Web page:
There lived a man who, when a child, had heard the beautiful Bible story of how God tempted Abraham and how he stood the test, how he maintained his faith and, against his expectations, received his son back again. As this man grew older he read this same story with ever greater admiration; for now life had separated what had been united in the reverent simplicity of the child. And the older he grew, the more frequently his thoughts reverted to that story. His enthusiasm waxed stronger and stronger, and yet the story grew less and less clear to him. Finally he forgot everything else in thinking about it, and his soul contained but one wish, which was, to behold Abraham: and but one longing, which was, to have been witness to that event. His desire was, not to see the beautiful lands of the Orient, and not the splendor of the Promised Land, and not the reverent couple whose old age the Lord had blessed with children, and not the venerable figure of the aged patriarch, and not the god-given vigorous youth of Isaac—it would have been the same to him if the event had come to pass on some barren heath. But his wish was, to have been with Abraham on the three days’ journey, when he rode with sorrow before him and with Isaac at his side. His wish was, to have been present at the moment when Abraham lifted up his eyes and saw Mount Moriah afar off; to have been present at the moment when he left his asses behind and wended his way up to the mountain alone with Isaac. For the mind of this man was busy, not with the delicate conceits of the imagination, but rather with his shuddering thought. Søren Kierkegaard – On Encountering Faith. Fear and Trembling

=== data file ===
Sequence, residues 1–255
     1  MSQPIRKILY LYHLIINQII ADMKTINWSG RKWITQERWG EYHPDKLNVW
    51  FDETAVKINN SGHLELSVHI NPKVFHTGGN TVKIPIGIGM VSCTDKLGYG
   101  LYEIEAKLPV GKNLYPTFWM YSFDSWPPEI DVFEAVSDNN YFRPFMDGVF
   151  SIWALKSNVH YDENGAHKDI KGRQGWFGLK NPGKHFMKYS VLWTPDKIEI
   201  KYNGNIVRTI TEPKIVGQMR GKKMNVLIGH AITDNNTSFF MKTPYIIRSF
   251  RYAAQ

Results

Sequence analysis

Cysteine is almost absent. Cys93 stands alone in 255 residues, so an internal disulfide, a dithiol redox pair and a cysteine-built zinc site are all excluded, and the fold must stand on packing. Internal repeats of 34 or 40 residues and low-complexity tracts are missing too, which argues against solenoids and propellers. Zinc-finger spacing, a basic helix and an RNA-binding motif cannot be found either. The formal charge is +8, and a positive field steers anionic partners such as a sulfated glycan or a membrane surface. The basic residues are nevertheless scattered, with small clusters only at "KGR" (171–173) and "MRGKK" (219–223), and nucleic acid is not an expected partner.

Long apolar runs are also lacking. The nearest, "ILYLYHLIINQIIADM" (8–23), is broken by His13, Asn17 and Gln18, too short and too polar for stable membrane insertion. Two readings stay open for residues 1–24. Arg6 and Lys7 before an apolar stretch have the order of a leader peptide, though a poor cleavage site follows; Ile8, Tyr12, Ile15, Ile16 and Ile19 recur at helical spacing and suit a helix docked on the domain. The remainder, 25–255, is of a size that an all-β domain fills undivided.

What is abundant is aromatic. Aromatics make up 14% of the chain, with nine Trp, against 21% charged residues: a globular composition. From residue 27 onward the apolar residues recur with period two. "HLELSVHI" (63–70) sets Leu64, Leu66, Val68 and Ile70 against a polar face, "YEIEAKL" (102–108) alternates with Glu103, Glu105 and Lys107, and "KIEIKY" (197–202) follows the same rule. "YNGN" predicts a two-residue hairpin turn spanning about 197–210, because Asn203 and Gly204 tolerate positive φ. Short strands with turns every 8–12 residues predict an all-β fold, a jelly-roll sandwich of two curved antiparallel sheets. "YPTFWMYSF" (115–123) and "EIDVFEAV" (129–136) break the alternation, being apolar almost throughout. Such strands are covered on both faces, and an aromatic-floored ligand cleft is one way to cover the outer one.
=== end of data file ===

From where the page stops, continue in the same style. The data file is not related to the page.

In this case faith was being played on in obedience to God. Faith lifts our eyes above the earthly fray to the arc of God’s kingdom chronology. It makes possible great sacrifices, and heroic acts of obedience.